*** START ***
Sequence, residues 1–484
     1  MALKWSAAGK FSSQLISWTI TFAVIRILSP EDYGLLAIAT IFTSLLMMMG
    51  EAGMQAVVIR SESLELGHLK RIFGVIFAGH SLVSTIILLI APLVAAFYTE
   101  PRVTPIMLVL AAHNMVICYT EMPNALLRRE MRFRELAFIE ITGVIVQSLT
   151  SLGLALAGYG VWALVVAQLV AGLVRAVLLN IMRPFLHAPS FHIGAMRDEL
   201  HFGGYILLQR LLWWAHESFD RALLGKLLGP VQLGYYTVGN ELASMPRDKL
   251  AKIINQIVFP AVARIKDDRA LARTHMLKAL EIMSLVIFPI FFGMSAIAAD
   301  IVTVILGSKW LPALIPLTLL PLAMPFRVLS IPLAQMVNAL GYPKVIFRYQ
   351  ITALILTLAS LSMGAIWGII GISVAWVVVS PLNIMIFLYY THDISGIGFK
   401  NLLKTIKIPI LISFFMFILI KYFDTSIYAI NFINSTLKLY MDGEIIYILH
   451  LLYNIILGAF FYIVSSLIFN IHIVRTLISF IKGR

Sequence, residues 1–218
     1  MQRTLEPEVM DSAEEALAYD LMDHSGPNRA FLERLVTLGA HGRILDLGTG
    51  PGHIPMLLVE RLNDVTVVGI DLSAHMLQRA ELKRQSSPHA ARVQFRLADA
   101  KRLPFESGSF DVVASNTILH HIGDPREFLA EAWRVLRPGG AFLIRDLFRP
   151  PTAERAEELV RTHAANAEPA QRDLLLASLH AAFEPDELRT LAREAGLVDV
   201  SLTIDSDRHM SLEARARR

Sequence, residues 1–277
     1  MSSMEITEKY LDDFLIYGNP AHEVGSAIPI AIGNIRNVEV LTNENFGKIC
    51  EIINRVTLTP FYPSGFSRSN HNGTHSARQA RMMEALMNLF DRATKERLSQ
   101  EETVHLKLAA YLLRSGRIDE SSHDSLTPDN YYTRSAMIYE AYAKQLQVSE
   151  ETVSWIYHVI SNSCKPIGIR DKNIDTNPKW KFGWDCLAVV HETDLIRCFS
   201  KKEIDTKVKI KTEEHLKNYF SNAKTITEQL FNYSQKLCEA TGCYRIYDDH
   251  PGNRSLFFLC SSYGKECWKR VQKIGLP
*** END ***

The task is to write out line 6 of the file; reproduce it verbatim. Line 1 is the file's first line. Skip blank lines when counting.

   201  HFGGYILLQR LLWWAHESFD RALLGKLLGP VQLGYYTVGN ELASMPRDKL